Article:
Congress eyes bump-stock ban after Vegas massacre
Investigators this week dramatically changed the timeline of the Las Vegas mass shooting, the deadliest in modern U.S. history, amid a rare bipartisan push in Congress to restrict sales of a gun accessory used in the massacre. Police initially said that a security guard at the Mandalay Bay Resort and Casino was shot and wounded about 10 minutes after Stephen Paddock, 64, opened fire on concertgoers from his 32nd-floor suite, killing 58 and injuring 489 more. Officers said guard Jesus Campos then provided “absolutely critical” help in finding the gunman. But police reversed that sequence of events this week, revealing that Paddock shot Campos six minutes before unloading on festivalgoers—raising questions over why police took so long to respond. Investigators said it wasn’t yet clear why Paddock ended his massacre after 10 minutes, two minutes before police arrived on his floor, or why he carried out the shooting. “We may never know,” said Clark County Sheriff Joe Lombardo.
House lawmakers introduced bipartisan legislation that would ban “bump stocks,” an accessory found on 12 of Paddock’s rifles. Such devices allow a semi-automatic rifle to fire continuously when the trigger is pulled, mimicking a fully automatic weapon. The National Rifle Association said it supported “additional regulations” on bump stocks by the Bureau of Alcohol, Tobacco, Firearms and Explosives, but opposed a law to ban the device. Rep. Steve Scalise (R-La.), who was shot at a congressional baseball practice session in June, joined several Republicans in cautioning against a “rush to judgment” over banning bump stocks.
What the columnists said
Even ardent gun enthusiasts will agree that regulating bump stocks is common sense, said the Washington Examiner in an editorial. Congress decided decades ago that automatic weapons should be heavily restricted. But for “less than 20 minutes of assembly and just a couple hundred bucks,” an aspiring mass murderer can make a “poor man’s machine gun.” Bump stocks harness a rifle’s recoil to “bump” the trigger back and forth on a shooter’s finger, unleashing up to 800 rounds a minute.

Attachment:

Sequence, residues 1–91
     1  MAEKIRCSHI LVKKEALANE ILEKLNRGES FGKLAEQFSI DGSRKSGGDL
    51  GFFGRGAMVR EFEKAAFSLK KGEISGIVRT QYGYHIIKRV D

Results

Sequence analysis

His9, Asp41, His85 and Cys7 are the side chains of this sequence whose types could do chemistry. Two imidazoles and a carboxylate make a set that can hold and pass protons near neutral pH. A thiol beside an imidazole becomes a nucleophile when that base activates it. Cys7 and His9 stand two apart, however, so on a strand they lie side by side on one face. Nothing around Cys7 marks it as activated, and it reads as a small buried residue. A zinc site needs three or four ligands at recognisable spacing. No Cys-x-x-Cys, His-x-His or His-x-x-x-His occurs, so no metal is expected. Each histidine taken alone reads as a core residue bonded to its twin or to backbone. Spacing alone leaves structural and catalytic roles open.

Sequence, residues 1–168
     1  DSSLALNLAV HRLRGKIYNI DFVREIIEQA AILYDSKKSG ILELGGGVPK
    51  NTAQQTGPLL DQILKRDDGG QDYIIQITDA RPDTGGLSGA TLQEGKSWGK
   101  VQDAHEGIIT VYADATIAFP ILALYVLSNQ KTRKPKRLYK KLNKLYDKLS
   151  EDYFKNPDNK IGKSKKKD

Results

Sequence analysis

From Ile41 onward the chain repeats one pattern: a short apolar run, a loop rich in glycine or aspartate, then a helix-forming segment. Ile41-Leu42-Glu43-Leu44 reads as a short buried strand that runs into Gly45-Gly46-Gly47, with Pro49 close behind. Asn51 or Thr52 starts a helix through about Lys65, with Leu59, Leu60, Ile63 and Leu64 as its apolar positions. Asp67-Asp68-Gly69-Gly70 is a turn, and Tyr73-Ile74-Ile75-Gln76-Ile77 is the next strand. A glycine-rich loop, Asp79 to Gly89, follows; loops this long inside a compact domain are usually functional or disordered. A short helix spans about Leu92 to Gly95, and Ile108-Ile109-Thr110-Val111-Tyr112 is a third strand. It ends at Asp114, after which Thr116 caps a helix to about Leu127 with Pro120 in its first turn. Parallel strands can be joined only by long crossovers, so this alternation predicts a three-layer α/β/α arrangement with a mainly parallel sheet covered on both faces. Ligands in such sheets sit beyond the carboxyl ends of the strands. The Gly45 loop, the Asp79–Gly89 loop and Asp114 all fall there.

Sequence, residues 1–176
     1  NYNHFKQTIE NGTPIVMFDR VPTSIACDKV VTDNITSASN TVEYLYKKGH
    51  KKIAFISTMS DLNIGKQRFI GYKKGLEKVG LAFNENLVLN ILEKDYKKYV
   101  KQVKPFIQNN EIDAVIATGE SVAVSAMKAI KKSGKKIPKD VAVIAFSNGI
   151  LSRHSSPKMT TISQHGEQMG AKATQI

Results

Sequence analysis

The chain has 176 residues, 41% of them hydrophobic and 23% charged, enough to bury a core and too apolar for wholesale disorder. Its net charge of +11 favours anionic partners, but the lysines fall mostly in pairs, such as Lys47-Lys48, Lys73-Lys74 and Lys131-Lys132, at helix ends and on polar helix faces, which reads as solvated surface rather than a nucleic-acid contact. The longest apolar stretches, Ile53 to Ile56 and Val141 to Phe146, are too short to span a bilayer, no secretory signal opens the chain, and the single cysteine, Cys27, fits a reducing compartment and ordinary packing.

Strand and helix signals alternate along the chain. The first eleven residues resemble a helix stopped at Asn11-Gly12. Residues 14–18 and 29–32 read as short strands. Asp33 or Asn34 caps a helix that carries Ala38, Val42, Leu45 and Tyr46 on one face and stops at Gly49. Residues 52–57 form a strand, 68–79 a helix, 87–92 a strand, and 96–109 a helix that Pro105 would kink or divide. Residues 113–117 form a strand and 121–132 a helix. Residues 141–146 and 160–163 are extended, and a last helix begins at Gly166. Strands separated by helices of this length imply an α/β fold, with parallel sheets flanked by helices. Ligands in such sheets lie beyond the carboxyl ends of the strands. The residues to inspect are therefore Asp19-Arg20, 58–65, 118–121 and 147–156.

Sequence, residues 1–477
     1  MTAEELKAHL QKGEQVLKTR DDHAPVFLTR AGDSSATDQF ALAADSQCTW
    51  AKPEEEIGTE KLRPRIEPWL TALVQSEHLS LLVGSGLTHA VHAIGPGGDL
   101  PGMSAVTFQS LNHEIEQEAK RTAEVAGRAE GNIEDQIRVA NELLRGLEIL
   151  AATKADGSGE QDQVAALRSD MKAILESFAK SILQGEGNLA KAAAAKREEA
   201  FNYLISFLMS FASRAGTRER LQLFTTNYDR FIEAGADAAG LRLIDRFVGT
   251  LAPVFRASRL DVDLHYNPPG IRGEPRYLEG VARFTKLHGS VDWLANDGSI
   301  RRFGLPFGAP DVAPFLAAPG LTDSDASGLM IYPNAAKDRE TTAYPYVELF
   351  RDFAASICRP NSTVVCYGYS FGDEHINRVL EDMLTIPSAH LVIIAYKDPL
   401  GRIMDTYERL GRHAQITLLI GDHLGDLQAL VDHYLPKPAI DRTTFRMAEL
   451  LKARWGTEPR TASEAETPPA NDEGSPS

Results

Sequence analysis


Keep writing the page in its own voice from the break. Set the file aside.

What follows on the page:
“Banning bump stocks won’t solve anything,” said Richard Parker in The New York Times. There’s a whole market of cheap militarystyle gizmos that “effectively turn legal, semi-automatic rifles into deadly, automatic weapons of war.” That’s why the NRA’s surprise concession to restrict bump stocks is “a ruse,” said Graham Vyse in NewRepublic.com. By touting the bare minimum in gun control, the group wants to distract the American public from demanding more meaningful regulation, like restricting sales of semi-automatic rifles and high-capacity magazines.
Still, gun control advocates should seize this opportunity for “small, incremental progress,” said Ed Kilgore in NYMag.com. The most urgent task is to separate “Second Amendment absolutists from Republicans who are at least open to reasonable restrictions.” If activists can use bump stocks to “drive a wedge” between these two groups, they might rescue the GOP from extremists who depict every gun control discussion as a “Manichean struggle against those who want to confiscate all firearms.”